American Association of School Librarians Conference

Louisville, KT – November 2019

In November of 2019 I was able to attend the AASL 2019 conference in Louisville, Kentucky with the financial assistance of CLRC.  This was the first national library conference I have ever been able to attend. I was able to network with librarians from around the country (and one from Brazil) as well as the librarians from New York State.  I was able to help represent the NYLA-SSL at the Conference opening parade. This is where the different state organizations come and march across the stage. 

The Friday afternoon keynote, Ellen Oh!, founder of “We Need Diverse Books” was also inspirational and very relevant to our school libraries. Ellen talked about how she felt as a child when she didn’t find any representation of people like her in children’s books. Her presentation emphasizes the real need to include books about many topics and including people from all backgrounds. 

The highlight of the conference for me was the Saturday morning keynote speaker, Dr. Adolph Brown, an American urban and rural school educator, research-scientist, author and businessman.  He was entertaining, inspirational and relevant to school libraries. I enjoyed him so much I would like to have him to our area to keynote our Leatherstocking Conference. Some of the things Dr. Brown said that really stuck with me are, “Kindness is proactive, niceness is reactive.  Kindness in unconditional regardless of how someone else treats you.” “when things go wrong, you don’t have to go with them” “Fear and faith can’t coexist. Faith is ‘even if’, fear is ‘what if’.”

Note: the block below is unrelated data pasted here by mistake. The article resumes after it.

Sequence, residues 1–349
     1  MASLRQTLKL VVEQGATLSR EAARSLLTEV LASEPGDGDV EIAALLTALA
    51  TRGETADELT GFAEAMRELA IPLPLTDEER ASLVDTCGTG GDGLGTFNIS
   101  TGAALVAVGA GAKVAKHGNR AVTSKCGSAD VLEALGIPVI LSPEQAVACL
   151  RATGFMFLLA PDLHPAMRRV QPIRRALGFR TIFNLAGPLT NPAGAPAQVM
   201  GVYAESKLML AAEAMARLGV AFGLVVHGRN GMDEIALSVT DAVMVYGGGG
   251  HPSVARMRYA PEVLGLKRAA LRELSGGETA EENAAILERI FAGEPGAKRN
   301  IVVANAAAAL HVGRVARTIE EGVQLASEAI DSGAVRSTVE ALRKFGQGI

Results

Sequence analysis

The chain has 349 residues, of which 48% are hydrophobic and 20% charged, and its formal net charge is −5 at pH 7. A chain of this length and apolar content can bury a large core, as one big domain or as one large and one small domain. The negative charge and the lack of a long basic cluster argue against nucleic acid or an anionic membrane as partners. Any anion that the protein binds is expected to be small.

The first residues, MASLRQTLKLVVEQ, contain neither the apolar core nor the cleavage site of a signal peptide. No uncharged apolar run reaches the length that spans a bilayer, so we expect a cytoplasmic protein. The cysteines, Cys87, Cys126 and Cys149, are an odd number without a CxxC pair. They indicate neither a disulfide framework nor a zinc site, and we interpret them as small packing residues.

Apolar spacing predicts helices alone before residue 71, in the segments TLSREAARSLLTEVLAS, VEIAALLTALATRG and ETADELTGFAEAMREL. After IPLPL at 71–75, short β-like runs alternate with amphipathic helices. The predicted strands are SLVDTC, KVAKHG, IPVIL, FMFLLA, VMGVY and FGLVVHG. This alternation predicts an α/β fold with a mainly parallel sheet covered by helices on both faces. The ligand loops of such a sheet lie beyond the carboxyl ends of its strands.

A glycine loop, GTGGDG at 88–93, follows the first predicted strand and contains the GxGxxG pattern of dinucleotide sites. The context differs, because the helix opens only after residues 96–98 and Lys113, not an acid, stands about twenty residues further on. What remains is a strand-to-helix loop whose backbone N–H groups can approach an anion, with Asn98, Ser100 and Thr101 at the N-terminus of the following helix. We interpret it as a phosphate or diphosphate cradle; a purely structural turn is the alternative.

I also attended some really good sessions. In one session, I was able to see the collections they have been building in Lincoln, Nebraska to support diversity and social/emotional learning.  This is something that I would like to replicate in our area for our schools. I spoke with the librarians from Lincoln who gave us permission to use what they have already created. I was then able to go to the vendor floor and speak with my Overdrive representative on building these collections.  She is willing to build these for our Overdrive account.

I attended a session on data literacy, a topic I feel passionate about. The presenters talked about different ways to teach data literacy and some websites that are helpful in that process.  At another session, we learned about digital breakout sessions. I would like to figure out a way to turn these into online professional development. There is still a lot of work to do. It was wonderful to be able to see the many different ways librarians are educating students.

Visiting with vendors is always important for me to stay up to date on the latest products.  I was able to attend the Rosen Dinner while I was there and speak with Roger Rosen, the owner of the company.  They have acquired a reading platform, lightsail. I always enjoy speaking with Harry Chan and the other OPALS representatives.  Harry has been working on an integrated library system for us and these meetings are very useful in moving the work forward.

The other highlight of my trip was spending time with colleagues that I haven’t seen in a while.  These interactions and discussions are always very valuable and one can often find opportunities to collaborate from informal conversation.  

In my opinion, the library community is truly one of the most collaborative groups of professionals to be found, and attending this conference reinforced that belief.  I came back to my program energized and brimming with fresh ideas. Thank you to CLRC for helping make it possible for me to attend this conference.

Elizabeth Hartnett

Coordinator – School Library System and Media Services, Oneida-Herkimer-Madison BOCES

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